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Martinez to supes: ‘You own this’

DJ Becker/The Madera Tribune

A surprised Rebecca Martinez, the longtime elected County Clerk-Recorder and Registrar of Voters, at a tableful of flowers she received Wednesday from grateful residents and women who said they appreciated her courage and her speaking out on their behalf, and against alleged bullying and harassment by Madera County Chief Administrative Officer Eric Fleming.


County officials scolded for ignoring CAO’s temperament

A small group of residents spoke during public comment before the Madera County Board of Supervisors Tuesday evening meeting to express their anger and disappointment that Chief Administrative Officer Eric J. Fleming still had his CAO job with salary and benefits of more than $300,000 after a recent investigation revealed behavior the residents called shocking, bullying and abusive came to light.

Fleming had released a letter on Dec. 6th listing his accomplishments but stating his intent to resign sometime in 2020, after vulgar, erratic and threatening texts from Fleming to a Fresno woman had come to light. In part, the texts were sent from Fleming’s county-issued cell phone to a young woman whom he met and briefly attempted to date online, and who subsequently rejected him. and was subsequently rejected by.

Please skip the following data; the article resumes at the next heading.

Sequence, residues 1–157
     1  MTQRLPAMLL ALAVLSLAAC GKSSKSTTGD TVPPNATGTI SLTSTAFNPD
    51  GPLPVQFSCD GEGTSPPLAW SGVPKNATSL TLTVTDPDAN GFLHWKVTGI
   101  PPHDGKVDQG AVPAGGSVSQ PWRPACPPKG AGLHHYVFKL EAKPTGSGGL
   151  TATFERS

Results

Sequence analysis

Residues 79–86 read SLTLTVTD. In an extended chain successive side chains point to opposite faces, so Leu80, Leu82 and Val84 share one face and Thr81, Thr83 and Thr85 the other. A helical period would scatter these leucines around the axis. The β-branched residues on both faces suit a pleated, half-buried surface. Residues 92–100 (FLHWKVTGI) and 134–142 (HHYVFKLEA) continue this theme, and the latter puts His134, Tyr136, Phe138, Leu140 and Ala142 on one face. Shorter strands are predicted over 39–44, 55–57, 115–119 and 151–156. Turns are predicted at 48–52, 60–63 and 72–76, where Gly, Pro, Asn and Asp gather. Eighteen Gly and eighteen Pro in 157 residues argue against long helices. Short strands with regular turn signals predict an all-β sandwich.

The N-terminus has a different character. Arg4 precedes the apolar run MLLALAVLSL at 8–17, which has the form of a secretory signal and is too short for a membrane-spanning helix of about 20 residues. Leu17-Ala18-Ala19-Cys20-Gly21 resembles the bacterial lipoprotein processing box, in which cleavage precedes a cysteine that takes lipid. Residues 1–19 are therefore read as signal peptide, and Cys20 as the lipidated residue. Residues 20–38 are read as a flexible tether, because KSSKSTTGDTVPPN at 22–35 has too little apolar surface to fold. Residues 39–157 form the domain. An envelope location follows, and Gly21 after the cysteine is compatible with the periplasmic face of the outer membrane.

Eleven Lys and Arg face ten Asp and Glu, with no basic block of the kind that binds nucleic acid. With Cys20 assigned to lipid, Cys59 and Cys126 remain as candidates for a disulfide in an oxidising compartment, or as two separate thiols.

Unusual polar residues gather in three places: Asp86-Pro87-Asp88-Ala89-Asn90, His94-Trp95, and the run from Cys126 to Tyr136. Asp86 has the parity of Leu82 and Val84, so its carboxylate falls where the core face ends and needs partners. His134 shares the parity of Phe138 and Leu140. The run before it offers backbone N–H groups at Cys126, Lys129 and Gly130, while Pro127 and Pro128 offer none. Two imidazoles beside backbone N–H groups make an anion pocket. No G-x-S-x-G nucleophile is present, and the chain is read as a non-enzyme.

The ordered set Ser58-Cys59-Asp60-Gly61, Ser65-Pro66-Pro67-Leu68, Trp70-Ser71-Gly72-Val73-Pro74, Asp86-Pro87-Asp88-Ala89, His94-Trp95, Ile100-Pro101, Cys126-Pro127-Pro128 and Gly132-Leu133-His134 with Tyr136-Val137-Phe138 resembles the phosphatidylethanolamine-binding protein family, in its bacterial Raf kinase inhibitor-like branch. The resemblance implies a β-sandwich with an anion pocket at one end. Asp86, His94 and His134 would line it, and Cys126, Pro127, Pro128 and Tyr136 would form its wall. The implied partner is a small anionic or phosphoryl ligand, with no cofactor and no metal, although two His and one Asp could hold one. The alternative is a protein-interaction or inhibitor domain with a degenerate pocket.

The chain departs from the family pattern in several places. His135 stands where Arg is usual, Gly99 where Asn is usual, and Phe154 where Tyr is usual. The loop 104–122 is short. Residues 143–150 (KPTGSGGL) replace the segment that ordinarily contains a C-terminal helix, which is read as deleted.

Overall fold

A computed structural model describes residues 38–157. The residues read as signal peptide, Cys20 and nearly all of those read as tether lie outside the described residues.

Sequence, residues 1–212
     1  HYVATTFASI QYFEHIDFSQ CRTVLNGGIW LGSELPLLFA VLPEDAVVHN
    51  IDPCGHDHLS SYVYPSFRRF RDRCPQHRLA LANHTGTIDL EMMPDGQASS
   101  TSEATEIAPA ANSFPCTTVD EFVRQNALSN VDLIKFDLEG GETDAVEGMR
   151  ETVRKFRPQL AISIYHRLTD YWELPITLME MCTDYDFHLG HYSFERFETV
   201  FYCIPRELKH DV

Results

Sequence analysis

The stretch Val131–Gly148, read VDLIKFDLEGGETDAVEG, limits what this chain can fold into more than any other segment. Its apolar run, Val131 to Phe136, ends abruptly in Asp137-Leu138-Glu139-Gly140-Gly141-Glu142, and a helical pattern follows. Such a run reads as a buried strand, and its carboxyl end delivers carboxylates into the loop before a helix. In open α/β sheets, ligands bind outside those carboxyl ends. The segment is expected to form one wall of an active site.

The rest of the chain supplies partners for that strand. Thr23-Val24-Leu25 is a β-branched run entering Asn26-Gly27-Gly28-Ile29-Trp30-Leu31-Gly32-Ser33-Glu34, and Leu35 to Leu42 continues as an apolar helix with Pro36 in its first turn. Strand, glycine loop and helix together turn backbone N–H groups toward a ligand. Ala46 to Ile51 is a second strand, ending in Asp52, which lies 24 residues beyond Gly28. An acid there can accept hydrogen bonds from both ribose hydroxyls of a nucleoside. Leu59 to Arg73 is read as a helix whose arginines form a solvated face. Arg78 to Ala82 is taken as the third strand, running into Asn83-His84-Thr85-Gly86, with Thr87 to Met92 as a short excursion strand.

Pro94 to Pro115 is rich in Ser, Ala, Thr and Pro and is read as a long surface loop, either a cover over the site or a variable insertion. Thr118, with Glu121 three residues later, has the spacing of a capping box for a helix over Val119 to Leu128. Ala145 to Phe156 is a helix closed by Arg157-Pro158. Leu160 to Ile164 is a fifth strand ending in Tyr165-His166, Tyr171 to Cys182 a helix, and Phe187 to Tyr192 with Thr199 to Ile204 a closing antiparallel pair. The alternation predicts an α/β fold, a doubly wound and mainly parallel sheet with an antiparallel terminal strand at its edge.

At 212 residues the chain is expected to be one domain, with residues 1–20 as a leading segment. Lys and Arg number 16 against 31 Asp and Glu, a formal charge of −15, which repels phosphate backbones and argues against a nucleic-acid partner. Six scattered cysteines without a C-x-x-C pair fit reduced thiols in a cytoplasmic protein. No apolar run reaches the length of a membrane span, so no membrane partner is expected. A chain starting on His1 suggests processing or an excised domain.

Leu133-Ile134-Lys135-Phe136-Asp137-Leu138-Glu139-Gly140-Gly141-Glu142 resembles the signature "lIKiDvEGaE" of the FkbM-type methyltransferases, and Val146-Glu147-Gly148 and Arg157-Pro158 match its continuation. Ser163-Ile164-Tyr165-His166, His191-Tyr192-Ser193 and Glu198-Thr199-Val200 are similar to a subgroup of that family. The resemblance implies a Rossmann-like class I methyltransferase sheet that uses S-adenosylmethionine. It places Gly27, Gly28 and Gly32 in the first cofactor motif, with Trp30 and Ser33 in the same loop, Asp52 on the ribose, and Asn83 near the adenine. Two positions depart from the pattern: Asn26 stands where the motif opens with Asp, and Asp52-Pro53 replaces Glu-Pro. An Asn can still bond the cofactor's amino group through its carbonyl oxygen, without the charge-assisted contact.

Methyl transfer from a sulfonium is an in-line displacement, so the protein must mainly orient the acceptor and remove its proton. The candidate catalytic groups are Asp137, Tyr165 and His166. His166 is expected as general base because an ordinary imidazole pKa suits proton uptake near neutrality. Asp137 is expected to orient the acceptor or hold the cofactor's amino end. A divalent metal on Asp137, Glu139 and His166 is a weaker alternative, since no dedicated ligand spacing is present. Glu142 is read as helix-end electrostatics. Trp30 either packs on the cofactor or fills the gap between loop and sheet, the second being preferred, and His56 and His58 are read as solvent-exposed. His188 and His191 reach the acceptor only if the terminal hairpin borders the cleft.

Residents questioned whether Fleming had the judgment, qualifications and integrity to run the county.One of the more graphic texts was read into the public record. They also blamed Fleming, well known for his temper, for creating a pervasive climate of widespread fear of retaliation in the county organization.

But the most powerful moment was when County Clerk-Recorder and Registrar of Voters Rebecca Martinez, Madera’s longest-serving elected official, stepped to the podium and spoke from her experience and heart, and describing her own dismay and disappointment.

“Today I am here to speak not only for myself,” Martinez said, “but also for anyone that fears repercussion for speaking out. Despite the fact that Mr. Fleming and I have had a good working relationship for the last three years, I have to say that I am disappointed and dismayed over the allegations presented. This issue takes me back to the 2012-2013 Grand Jury report. That report addresses the very core of the issues at hand (with Fleming) — like bullying, intimidation, threatening subordinates, demonstrating retaliation, sending threatening and intimidating emails, in this case text messages, and lastly engaging in angry, verbal tirades.” she said.

Stunned and downcast faces lined the supervisors’ dais and as Martinez spoke, she held the rapt attention of the audience of about 30 or so people who had gathered for the public meeting.

“In addition to the discordant exchanges and publicly demonstrating animosity with the two longest serving female elected officials (by Fleming), this board (of supervisors) consciously refused to support not only the two female elected officials but rejected the findings of the Grand Jury,” Martinez said.